I also do have a Bessa R. So, if finances are tight, you may want to obtain one of these. They take LTM lenses, and there is a built in light meter which is highly accurate. I view it as the M6 of LTM cameras. However, it looks thoroughly modern.

Doing the currency conversion, the M2 has an asking price of about $500 US. This leads me to suspect that it may be a beater. Check for dents, gouges, and marks. Bright marks are common on the top plate from an accessory meter. One of the things I look for is the integrity of the paint on the back door frame. If that is intact, then the camera has probably been babied, and spent much time in its case.

For all cameras of this age (M2 or IIIG), unless they have been serviced (with receipts given to you), you will have to assume that they need to be serviced before use. So, technically I own an M2, M3 and M5 (in excellent to mint condition), but they are all with Gus Lazzari awaiting an overhaul. They have been waiting in his queue for the past year and a half.

My current users are an M7, M4-2 and Bessa R. I still use the IIIG, and a Leotax S, and occasionally a Canon 7s (too heavy)....
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Old 09-11-2016   #25
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Quote:
Originally Posted by Huss View Post
M2. It's a much better user.

But this is a call you really should make yourself by handling both.

The beauty of the previous Barnacks was diminished with the III G and it's bigger VF.
"The beauty of the previous Barnacks was diminished with the III G and it's bigger VF.[/quote]"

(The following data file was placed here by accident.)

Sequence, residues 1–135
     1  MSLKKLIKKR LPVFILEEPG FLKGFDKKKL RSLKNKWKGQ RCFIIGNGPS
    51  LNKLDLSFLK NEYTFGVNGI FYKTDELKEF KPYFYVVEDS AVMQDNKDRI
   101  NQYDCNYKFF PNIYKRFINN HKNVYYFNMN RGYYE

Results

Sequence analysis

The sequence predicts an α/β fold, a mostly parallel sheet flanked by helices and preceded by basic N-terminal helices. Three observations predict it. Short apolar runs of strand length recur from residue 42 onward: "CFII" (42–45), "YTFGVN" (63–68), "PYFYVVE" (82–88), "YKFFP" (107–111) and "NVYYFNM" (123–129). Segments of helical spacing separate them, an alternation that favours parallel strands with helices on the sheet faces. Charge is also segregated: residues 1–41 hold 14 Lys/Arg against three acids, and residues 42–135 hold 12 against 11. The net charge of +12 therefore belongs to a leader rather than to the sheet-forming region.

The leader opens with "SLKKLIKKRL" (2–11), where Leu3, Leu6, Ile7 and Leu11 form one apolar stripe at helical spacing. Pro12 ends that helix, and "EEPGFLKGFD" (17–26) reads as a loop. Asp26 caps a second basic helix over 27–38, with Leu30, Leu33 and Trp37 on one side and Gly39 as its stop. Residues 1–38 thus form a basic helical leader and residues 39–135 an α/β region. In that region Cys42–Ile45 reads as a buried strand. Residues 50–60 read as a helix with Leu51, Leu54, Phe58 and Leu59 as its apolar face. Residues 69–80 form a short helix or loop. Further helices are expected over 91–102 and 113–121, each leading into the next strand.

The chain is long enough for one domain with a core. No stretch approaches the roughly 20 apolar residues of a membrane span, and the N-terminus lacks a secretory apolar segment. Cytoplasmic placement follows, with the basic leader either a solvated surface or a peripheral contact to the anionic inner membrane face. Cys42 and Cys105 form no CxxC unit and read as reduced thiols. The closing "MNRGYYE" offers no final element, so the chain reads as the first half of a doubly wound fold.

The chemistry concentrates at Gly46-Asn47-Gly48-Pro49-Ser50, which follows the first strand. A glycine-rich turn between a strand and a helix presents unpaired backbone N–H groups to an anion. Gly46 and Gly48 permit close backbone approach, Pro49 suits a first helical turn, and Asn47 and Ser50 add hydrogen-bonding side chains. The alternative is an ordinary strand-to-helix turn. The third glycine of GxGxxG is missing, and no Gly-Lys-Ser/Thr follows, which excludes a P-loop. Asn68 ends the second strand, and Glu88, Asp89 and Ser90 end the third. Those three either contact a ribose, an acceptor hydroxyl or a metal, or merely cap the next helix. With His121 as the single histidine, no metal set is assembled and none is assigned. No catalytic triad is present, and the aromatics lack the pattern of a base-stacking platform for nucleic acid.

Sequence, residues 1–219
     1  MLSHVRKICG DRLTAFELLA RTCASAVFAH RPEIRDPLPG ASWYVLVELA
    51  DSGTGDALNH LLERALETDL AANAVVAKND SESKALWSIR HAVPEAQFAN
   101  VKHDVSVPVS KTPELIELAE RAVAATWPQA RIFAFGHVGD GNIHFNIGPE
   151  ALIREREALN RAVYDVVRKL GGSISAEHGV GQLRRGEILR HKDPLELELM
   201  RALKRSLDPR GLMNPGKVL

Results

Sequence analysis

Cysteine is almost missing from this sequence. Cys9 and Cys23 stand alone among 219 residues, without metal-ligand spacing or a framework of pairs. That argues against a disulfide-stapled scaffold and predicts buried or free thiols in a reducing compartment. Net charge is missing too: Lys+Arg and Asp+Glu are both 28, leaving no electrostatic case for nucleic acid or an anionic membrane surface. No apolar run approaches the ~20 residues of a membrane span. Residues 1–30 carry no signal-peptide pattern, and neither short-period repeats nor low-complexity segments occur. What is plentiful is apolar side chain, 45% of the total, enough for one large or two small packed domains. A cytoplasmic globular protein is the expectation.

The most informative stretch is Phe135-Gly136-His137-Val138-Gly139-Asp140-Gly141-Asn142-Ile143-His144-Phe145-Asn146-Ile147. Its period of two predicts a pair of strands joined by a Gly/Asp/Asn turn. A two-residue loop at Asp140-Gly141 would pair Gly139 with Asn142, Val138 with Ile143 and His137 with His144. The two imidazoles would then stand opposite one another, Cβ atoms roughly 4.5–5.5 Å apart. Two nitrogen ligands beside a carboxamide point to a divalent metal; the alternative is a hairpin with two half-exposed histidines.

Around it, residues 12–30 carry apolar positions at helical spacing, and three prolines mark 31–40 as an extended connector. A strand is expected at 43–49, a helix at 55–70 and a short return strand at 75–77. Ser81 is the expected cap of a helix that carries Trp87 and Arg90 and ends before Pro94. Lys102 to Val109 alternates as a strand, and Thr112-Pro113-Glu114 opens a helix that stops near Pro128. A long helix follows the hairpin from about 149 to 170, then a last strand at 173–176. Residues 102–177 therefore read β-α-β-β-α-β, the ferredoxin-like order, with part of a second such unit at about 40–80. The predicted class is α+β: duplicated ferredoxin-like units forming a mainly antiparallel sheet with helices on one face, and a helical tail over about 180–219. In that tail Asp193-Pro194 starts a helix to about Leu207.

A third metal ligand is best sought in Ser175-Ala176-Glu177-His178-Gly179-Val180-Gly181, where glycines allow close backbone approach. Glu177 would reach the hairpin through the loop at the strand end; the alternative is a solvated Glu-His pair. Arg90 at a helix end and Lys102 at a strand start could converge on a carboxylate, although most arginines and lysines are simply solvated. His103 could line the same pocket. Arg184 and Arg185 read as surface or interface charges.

I agree 100 %, the IIIg does not give that bare bones Barnack experience of the earlier bottomloader Barnack Leicas. That is why I sold my example.
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Old 09-11-2016   #26
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Another vote against the IIIg. Kudos to Leitz for keeping the Barnack dream alive after the M3 was released, but the IIIg comes across as overcooked. Prior models are attractive for being simple and small. The M2 operates at another level (immersive VF, quiet shutter, bigger body) if you're into that stuff. I prefer my IIIb over M4 these days, unless an M lens needs to be deployed.
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Old 09-11-2016   #27
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I doubt you will be disappointed with either camera. Personally, I love using the Barnack LTMs, including the IIIg.

However, when I am trying to work quickly there is no substitute for an M, whether that be an M2 or any of the other Ms. My personal favorite is an M-A but it is only the latest iteration of the great M3, M2 and M4 cameras.

If I were left with a choice such as yours I am not absolutely certain what I would do. I would probably stay with the M-A.
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Old 09-12-2016   #28
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The Barnack cameras are primitive, small and quietly interesting!
In my opinion and experiences, read the following with caution.
Certain cameras seem to evoke specific styles of photographs..
Rollei TLR all seem 40' to 60's! My Rollei is my "tree" camera.
The original Leica Barnack "seem to make" very different images.
Kind of mysterious images, if original lenses are used.
The M models and their lenses are modern.
Maybe the softer images, a certain flare, all add to the look.

I agree the M2 on paper is better.
Your eye and heart may feel different!
Try use one with original 50mm Elmar or Summar.

I have only borrowed Barnack from friends..
I own a M2 and M3 which is my favorite M.
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Old 09-12-2016   #29
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I've had both and the M2 is still with me. The lllg is a nice camera but in terms of usability the viewfinder is not up to it in my opinion ... or at least I should say nowhere near the M2.
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Old 09-12-2016   #30
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I have an M2, but not a IIIg or any other "Barnack" Leica.